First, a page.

It was the first day of Summer. Ok, maybe not the first day of summer but the first day of “Summer vacation” after the last day of school. We hadn’t even made it 24 hours and my doorbell rang. Outside stood two hot, sweaty, little boys. One was on a bike, one was pushing a lawn mower. I answered the door holding back my dog, “What can I do for you, boys?” They went into their pitch. “Good afternoon, we are here to ask if we can mow your back yard this summer. The first time is free, and then each week when we come it will be $10.00.”


If only I didn’t have animals that required “pick up” maintenance I would have jumped at the chance to have them mow. Not only because I’d give my first born child to not have to mow – teasing, of course – but because I was so stinkin’ proud of them for already starting their summer money-making adventure. I made sure I told them that and wished them luck as they continued scouring the neighborhood for new clients.


I remember the summer after I turned 13 and my mom allowed me to take on babysitting jobs. We never had a lot of money so being able to make my own and not have to ask for it was very appealing to me. I could save up for something I wanted or just have the gratification of knowing I made some money myself. Back then and where we lived, there was not quite the demand nor the pay scale that there is today. Had I lived in a neighborhood like the one we do now when I was growing up, I would have been driving a much nicer first car.


Summer brings all sorts of unscheduled time. Why not have your kids earn a few bucks while they’re soaking it up? Here are six tried and true ideas for summer money makers.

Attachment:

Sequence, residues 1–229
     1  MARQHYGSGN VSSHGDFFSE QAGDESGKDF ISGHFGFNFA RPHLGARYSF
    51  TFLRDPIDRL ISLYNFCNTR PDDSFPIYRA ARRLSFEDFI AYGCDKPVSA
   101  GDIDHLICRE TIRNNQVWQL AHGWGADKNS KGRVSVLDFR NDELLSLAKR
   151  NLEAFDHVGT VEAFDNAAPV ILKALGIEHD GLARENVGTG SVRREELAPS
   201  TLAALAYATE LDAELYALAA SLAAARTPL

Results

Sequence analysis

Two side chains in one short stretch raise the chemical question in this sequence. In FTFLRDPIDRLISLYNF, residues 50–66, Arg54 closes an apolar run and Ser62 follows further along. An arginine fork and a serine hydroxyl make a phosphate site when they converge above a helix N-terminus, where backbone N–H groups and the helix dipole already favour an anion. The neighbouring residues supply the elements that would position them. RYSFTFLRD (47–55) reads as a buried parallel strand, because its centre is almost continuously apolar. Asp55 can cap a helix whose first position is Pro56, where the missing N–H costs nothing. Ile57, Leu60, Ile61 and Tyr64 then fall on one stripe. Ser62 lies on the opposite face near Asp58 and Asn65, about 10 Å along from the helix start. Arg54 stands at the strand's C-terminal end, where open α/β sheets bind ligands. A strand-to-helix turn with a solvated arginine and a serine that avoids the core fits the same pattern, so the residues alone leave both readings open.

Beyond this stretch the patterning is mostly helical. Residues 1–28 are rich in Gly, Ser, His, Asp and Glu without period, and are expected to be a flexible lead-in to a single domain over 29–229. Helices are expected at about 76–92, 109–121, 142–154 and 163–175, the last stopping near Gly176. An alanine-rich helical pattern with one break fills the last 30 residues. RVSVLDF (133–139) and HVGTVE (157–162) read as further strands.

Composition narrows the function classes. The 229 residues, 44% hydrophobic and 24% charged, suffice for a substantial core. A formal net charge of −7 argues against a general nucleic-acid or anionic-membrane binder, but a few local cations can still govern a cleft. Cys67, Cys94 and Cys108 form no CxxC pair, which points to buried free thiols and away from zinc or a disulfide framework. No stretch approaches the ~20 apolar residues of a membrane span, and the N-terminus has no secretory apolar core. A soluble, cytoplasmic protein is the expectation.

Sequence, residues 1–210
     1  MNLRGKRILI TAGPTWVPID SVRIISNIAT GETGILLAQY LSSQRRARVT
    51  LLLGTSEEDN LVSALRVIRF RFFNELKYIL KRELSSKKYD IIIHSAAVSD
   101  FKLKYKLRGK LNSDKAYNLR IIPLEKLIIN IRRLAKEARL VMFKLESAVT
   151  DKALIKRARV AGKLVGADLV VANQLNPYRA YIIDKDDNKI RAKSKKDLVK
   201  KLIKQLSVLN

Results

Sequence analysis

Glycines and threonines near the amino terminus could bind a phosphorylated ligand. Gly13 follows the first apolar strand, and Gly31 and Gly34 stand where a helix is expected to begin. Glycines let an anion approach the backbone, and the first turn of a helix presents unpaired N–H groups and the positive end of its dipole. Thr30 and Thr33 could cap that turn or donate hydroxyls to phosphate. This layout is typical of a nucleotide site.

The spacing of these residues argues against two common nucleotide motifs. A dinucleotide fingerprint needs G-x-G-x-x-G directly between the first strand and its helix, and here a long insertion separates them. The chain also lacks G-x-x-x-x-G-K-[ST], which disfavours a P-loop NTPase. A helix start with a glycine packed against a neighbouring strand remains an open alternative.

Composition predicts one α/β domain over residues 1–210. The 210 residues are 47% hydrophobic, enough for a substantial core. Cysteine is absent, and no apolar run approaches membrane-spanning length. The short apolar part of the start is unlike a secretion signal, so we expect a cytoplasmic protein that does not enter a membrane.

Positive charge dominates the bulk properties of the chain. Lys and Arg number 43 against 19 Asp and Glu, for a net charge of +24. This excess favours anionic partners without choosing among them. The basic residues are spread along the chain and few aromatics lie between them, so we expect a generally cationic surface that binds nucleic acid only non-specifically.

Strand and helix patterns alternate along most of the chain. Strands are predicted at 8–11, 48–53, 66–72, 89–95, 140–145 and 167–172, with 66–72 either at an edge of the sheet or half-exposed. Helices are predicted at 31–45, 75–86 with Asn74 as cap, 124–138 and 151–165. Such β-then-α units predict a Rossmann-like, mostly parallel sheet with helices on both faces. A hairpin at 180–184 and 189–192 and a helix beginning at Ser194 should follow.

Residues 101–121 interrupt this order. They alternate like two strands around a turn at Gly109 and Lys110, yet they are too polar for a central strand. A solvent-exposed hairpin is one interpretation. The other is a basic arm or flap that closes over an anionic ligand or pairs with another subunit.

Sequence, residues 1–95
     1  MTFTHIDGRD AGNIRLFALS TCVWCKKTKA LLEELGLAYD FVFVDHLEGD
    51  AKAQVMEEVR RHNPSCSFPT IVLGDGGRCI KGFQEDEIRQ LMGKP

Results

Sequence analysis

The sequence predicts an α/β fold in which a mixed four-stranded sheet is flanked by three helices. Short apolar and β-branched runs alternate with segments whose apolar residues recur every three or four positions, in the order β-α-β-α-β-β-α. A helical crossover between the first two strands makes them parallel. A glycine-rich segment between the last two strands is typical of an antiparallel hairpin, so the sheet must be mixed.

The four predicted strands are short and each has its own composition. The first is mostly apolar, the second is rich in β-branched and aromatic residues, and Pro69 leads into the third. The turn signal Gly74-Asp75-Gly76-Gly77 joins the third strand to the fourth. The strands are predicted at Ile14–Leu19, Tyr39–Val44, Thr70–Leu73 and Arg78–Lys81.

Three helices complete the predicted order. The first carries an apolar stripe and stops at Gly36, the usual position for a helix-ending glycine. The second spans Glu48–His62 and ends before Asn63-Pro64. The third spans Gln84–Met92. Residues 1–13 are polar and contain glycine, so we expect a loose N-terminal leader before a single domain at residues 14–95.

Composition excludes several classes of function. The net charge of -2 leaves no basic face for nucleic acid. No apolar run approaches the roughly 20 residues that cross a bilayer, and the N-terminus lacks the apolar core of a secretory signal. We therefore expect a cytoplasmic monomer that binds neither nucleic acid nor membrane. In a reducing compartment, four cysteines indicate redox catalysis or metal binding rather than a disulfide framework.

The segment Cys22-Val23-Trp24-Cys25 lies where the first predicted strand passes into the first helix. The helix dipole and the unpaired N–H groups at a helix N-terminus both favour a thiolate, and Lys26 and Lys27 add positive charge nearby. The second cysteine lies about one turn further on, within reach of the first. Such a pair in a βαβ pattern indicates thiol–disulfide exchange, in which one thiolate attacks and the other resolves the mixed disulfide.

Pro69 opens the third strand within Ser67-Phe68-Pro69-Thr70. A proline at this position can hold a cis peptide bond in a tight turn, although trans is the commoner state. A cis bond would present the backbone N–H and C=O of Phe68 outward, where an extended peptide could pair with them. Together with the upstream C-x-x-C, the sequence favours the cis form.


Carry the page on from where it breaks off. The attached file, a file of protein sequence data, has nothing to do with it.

1. Life Guard – Get paid while working on your tan at the beach or pool? Yes, please. Lifeguarding can be a great summer job if your child likes to swim and has taken the time to become certified through programs such as Red Cross.

2. Yard Maintenance Worker – Summer yards are very active thus creating a continuous need for extra help maintaining. This can be mowing, weeding, watering, or even removal of pet waste.

3. Parent’s Helper – Times are changing and many parents are working from their home offices. Where they typically didn’t have children afoot, they now do due to school being out. Your child can get in some playtime with younger children while helping their work-at-home parent focus on their tasks at hand. (This is also great for those new to babysitting as the parent is still in the home if emergency were to occur.)

4. Camp Counselor/Church Group Aide – There are typically local youth or church groups looking for assistance in running their summer camps. A very large benefit of this summer job is that it looks great on a resume. A camp counselor or aide gets to spend his/her time mentoring energetic and enthusiastic youngsters through team-building, resilience, and just plain fun summer activities.

5. House sitter – Your child will basically be looking after someone’s home/possessions, plants, and perhaps pets while they are away on summer vacation. This job is recommended for an older teen as they would be staying in the home overnight and spending a considerable amount of time alone.

6. Tutoring – If your child is particularly well- versed in a subject area this may be the perfect fit. Kids that are in summer school often need extra help or parents may just want their children to stay current or get ahead for the following school year.


A quick internet search will bring you many related organizations and suggestions on how to get started for each of these jobs. 


Did you have a summer job as a child? If so, what did you do?
Are your children old enough to take on any of these tasks?
Are you a parent who would benefit from having neighborhood youth offer such services?